Elsie was a good teacher; she taught the primary grades. She was of a religious nature, working in the relief Society, and also was a teacher in the Primary. The older children all remember the Bible stories she read and told to them in the evenings.

A grandson F. Lant Haymore interviewed Minnie Tanner Fairbanks, who was a childhood friend and neighbor of Elizabeth. Their fathers served together in the local ward Bishopric.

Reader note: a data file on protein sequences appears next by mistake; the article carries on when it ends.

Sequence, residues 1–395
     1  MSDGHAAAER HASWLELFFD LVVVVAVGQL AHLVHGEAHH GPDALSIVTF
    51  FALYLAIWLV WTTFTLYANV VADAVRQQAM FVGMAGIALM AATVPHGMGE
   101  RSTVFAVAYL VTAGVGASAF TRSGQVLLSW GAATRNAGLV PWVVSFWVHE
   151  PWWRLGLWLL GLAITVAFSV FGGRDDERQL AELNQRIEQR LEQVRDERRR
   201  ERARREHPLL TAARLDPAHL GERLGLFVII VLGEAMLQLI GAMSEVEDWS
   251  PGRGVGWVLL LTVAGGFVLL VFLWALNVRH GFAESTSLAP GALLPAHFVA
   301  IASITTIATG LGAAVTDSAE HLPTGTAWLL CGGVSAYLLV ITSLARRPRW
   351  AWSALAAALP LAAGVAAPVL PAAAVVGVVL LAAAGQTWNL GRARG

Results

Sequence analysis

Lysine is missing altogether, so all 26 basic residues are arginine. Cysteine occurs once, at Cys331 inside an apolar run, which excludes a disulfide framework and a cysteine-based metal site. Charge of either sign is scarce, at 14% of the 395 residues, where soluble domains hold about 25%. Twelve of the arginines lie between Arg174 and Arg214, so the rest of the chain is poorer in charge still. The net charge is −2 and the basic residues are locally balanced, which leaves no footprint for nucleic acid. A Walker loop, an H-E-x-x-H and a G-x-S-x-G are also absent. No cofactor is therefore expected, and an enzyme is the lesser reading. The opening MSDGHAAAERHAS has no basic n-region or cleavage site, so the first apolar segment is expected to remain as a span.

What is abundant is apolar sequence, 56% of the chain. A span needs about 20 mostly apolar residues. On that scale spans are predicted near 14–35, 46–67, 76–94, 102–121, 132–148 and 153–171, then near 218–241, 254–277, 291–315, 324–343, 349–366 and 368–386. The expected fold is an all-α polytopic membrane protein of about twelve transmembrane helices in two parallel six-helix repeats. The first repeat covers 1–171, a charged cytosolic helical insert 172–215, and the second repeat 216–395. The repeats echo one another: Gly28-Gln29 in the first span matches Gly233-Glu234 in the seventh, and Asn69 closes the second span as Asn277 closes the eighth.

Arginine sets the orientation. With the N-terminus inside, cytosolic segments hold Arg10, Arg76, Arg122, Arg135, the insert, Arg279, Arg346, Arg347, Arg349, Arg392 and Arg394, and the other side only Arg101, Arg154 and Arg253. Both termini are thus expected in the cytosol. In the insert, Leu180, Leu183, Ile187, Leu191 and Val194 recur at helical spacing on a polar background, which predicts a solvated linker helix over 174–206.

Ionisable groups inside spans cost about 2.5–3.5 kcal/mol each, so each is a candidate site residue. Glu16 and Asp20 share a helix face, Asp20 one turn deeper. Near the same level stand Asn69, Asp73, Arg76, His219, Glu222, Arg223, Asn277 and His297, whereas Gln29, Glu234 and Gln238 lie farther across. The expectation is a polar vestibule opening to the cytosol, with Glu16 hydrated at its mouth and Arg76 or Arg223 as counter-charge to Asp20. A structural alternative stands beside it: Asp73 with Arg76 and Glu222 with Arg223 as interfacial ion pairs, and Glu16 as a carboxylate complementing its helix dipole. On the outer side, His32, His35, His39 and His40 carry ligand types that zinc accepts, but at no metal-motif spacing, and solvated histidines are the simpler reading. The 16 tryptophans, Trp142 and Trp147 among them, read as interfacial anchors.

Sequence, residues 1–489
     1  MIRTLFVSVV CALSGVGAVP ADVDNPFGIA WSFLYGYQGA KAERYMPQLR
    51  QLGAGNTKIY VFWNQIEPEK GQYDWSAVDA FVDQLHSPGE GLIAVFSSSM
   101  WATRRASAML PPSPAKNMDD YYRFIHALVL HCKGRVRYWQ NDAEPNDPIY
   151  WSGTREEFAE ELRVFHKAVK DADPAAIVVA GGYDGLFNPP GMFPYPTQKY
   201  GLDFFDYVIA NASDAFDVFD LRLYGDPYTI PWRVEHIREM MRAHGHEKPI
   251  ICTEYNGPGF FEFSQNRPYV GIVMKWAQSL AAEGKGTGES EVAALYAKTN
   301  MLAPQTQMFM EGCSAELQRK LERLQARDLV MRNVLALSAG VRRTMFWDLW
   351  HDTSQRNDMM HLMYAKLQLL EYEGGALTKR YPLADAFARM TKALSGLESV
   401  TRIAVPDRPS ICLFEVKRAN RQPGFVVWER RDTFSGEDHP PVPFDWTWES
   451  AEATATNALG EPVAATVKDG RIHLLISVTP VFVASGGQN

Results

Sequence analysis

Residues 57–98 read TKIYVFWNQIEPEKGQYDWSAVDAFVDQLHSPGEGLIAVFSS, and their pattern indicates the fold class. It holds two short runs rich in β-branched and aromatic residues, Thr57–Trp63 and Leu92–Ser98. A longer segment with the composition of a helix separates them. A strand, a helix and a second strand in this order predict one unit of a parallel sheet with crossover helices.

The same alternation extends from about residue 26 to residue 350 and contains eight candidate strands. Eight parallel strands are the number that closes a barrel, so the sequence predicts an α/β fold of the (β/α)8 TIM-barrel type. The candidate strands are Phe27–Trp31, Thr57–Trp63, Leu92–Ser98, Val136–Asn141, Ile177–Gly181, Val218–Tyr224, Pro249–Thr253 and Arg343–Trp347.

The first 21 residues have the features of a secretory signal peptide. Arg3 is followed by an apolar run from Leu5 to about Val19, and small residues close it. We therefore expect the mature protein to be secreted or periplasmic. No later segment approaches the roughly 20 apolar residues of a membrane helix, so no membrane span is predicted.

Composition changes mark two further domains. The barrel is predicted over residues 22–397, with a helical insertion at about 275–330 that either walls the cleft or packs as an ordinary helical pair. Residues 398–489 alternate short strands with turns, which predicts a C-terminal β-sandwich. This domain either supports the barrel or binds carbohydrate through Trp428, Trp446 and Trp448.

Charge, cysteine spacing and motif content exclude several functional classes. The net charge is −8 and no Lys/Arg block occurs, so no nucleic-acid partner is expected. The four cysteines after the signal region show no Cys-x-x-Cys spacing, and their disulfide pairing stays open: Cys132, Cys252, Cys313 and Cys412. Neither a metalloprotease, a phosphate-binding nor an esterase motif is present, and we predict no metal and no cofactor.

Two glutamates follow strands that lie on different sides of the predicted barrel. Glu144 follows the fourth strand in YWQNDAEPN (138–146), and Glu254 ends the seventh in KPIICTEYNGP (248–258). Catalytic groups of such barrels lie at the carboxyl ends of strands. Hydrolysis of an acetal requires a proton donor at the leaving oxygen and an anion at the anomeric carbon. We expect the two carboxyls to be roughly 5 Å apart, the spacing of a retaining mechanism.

"Can you give me a description of my grandmother Haymore? What did she look like?" "I can't give you much of a description," she said, "But I can tell you something about her. Your grandmother, Tillie, and Ella; all three sisters bore a strong family resemblance, although they all were somewhat different in appearance. All were good sized women, and your grandmother was the largest proportioned of the three: Your grandmother had fine appearing features, looking something like her sister Tillie." Sister Fairbanks continued, "In disposition the Lant girls were pleasant, somewhat on the serious side. In harmony with their home life, they were quiet and reserved, inclined to be patient and enduring. Opposed to rashness. Above all, they were modest girls. All of them were good girls! Humble, and leaned toward spiritual matters in the way that Mormon women were in those days. If they were artistic in a musical or dramatic sense, their talents were not publicly displayed. What artistry girls in those days possessed was usually displayed in the home. Besides the pioneer girls were seldom if ever given opportunity for advanced learning in schools. Hence many of their talents were never expressed. What ability your grandmother had, she undoubtedly used in the management of her home. Like her sisters and her mother, she was a good mother, a very good mother." Sister Fairbanks explained to me one difference between the families of her father and that of his first counselor in the bishopric. "In the Tanner home guests were continually being entertained the home being invariably full and alive with voices. Brother Lant's home was of the opposite type, as Brother and Sister Lant weren't given to entertaining in a social fashion. Their home was a quiet place of retreat from the labors of the day."